Breakingviews - Middle East strife’s market toll is just beginning

Iranian Revolutionary Guard Commander Qassem Soleimani walks near an armoured vehicle at the frontline during offensive operations against Islamic State militants in the town of Tal Ksaiba in Salahuddin province March 8, 2015. REUTERS/Stringer/File Photo - RC278E9D90EE

LONDON (Reuters Breakingviews) - Market ructions triggered by flaring Middle East tensions have a lot further to run. Oil prices rose more than 3% and stock markets around the world fell after a U.S. air strike killed Iran’s top military leader, Qassem Soleimani. The scale of these price moves understates the dangers of such a destabilising act.

The rise in oil prices is less than a third of the instant bump up in crude values after September attacks on Saudi Aramco installations, which temporarily knocked out half of Saudi’s oil supply. Back then, investors expected U.S. President Donald Trump to retaliate on Saudi Arabia’s behalf. When he didn’t, oil prices subsided. But long-running tensions between the United States and Iran are now far more likely to ratchet up.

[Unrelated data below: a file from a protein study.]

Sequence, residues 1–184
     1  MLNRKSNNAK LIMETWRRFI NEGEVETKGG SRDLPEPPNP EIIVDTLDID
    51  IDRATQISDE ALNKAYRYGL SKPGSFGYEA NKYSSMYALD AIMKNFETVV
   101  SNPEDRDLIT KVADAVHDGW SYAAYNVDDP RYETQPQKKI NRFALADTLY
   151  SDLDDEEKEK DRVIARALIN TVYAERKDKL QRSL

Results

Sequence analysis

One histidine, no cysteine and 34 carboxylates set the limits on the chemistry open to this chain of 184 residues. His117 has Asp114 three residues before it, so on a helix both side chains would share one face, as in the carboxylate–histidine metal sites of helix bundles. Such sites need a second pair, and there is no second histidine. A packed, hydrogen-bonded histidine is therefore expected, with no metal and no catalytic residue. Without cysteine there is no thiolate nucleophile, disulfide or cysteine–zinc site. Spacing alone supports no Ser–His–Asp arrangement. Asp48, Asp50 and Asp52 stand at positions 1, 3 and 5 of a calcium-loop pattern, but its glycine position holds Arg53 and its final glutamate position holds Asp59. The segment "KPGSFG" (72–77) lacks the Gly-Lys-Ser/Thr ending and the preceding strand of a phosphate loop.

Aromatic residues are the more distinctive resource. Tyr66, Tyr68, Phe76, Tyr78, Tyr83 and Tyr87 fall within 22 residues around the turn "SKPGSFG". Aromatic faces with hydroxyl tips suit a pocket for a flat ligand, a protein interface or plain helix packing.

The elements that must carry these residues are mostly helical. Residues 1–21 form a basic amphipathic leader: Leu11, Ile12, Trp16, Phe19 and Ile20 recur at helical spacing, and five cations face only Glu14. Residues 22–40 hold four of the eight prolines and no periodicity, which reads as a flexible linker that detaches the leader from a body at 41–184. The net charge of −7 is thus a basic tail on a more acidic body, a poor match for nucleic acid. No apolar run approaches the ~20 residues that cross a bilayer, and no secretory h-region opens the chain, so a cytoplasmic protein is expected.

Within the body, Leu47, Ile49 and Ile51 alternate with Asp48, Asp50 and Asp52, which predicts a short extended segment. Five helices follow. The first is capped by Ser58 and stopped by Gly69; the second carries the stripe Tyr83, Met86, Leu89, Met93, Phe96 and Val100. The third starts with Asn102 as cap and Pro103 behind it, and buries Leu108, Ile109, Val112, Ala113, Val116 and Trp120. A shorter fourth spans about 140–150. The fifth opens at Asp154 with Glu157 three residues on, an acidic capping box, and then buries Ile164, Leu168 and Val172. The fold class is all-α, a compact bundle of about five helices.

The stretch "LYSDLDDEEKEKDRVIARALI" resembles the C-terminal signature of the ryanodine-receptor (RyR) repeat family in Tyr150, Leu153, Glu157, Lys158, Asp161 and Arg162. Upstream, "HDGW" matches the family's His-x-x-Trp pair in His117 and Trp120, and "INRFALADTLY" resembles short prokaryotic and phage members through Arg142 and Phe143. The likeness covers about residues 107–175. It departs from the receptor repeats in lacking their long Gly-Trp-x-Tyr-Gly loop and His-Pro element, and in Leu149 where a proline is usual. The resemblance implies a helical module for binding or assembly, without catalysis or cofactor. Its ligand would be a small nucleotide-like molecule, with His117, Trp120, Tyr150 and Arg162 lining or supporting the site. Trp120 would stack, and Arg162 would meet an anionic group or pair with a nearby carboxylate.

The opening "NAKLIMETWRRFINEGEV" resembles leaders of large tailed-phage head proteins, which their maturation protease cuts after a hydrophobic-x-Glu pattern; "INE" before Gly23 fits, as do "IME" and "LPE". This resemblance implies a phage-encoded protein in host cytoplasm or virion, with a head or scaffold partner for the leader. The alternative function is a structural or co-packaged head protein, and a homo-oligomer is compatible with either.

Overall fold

Soleimani was head of the Quds, the elite force of Iran’s Revolutionary Guards, who fought and inspired proxy wars in Yemen, Syria, and Iraq. He was also an iconic symbol of Iranian resistance, and close to Supreme Leader Ayatollah Ali Khamenei. Tehran will feel it has to respond to his death.

Retaliation could take the form of strikes on U.S. allies such as Saudi Arabia and the United Arab Emirates, American bases in Qatar and Bahrain, or ships in the Gulf. But it is most likely to focus on Iraq, where Iran-backed militias have recently been targeted by U.S. air strikes, and 5,000 American troops are stationed. A logical initial response would be to target U.S. oil installations like those held by Exxon Mobil. U.S. oil workers are already leaving, the Iraqi oil ministry said.

Serious disruption to Iraqi supply would not hit crude prices as badly as a closure of the Strait of Hormuz, the Gulf choke point through which 20% of the oil that is consumed globally passes. Saudi and fellow energy producers only last month agreed production cuts to offset forecast weaker demand so there should be spare capacity to address fears of shortfalls that cause oil prices to spike. But given Iraq constitutes 5% of the world’s annual 100 million barrels per day of supply, the cost of a barrel of crude could rise further. And if the confrontation draws in other players in the region, investors in all asset classes will have a real war, not just a trade one, to worry about.


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